Thursday, November 29, 2007

You get what you give

Brian Sommer asks Why are we paying bonuses? He's reporting on the frustration among executives over bonuses as entitlements, mercenary employees, how to motivate employees, and diminishing consulting skills in the workforce. Which is a lot of ground to cover in a single post.

What stuck with me most was Brian's description of local Chicago execs complaining about their employees increasingly having a "what's in it for me" attitude.

Ok. Forgive me for not feeling the executives' pain here, but what exactly do these execs expect to happen when their businesses reward loyalty and job tenure with... what?

Let's list the disincentives mainstream contemporary US businesses have come up with:
If a company's hiring policies lead it to mostly hire rational people, then the rational and expected response to these disincentives is a mercenary attitude. To paraphrase John Maynard Keynes, when the incentives change, I change my behavior. What do you do?

This is what the "ownership society" looks like - and it looks an awful lot like every man for himself. I've got mine... and good luck to you.

Today's NY Times has an article that touches on this topic and, frankly, made me sad when I read it. What Do I Do? Depends on What Week It Is describes Sean Aiken's quest to work a different job every week for a year and is chronicled on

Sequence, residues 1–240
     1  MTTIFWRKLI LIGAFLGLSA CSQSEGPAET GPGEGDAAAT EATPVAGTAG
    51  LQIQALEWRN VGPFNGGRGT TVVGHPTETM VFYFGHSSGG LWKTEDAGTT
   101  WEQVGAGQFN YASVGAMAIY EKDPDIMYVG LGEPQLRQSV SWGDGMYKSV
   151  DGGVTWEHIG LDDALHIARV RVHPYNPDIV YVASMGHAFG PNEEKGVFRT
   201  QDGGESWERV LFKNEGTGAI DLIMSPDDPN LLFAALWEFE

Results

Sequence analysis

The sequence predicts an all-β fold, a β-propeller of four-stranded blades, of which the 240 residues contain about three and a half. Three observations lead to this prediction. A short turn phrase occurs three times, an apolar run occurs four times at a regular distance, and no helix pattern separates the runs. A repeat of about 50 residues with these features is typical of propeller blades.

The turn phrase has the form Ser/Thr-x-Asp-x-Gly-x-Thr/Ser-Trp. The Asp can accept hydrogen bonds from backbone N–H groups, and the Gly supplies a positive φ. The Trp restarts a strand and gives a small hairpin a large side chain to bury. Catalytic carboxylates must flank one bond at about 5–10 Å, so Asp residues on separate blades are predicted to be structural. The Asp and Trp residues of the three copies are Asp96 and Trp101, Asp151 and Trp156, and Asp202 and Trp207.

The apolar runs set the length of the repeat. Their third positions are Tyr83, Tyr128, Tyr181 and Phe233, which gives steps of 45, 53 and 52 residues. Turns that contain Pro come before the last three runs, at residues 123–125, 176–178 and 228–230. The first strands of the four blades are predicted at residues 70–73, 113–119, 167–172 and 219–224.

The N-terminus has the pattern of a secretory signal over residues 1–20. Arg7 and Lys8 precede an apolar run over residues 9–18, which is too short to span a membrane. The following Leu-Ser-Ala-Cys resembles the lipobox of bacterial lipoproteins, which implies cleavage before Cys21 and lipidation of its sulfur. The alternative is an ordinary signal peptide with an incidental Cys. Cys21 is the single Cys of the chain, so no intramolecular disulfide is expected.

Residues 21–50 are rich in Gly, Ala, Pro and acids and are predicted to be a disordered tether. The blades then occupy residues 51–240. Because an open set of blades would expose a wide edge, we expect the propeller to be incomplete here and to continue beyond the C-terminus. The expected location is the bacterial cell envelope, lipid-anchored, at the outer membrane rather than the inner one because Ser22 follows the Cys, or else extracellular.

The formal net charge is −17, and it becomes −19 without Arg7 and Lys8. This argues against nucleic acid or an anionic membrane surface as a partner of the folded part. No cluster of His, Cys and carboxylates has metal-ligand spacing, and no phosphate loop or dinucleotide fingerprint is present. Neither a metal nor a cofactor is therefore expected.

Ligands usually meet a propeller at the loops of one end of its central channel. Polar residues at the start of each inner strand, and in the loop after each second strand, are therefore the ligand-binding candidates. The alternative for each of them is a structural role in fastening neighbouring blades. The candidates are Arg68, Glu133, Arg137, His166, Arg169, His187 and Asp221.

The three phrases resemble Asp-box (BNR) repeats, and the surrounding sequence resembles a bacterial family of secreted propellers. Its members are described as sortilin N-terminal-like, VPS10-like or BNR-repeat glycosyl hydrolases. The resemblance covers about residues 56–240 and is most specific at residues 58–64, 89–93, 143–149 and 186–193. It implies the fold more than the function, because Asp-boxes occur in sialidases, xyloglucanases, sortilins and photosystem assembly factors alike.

But here's the part that broke my heart (emphasis mine):

The 20-somethings who turn to One Week Job find in Mr. Aiken “an ideal of the unstable life,” says Penelope Trunk, the author of “The Brazen Careerist” (Business Plus, 2007), who blogs and lectures on the transformation of the workplace. “He sends the message ‘job-hopping is O.K.,’ ‘moving around is O.K.’”

That is a comforting message, she says, because while Gen Y talks of seeking passion and embracing what is new, that is just brave cover for a less comfortable truth. “The reality is they might prefer one job that would last forever and end with retirement, but that kind of job doesn’t exist anymore,” Ms. Trunk says. “The alternative, the instability, terrifies them. Sean Aiken is an example of how uncertainty and constant change can be O.K..”

No, the job-for-life doesn't exist anymore. That's the reality right now, and maybe forever. But it's a reality based on choices. And those choices have consequences. So execs, if your employees have a mercenary attitude, then you should be asking yourselves what is driving that response. It's not character defects. It's not a few bad apples. And it's not because people were just better back in the good old days.

You get what you give.

Photo: Good and Bad by vees

1 comment:

bunyeta said...

Ok, I'm not a techie, just a natural rabble rouser; and your observations make me want to go out and rouse the rabble! Something in the ethos of these times not only rewards executive greed but endorses the endentured servitude that feeds it. Bad enough to have slaves. But expect them to sing, too...?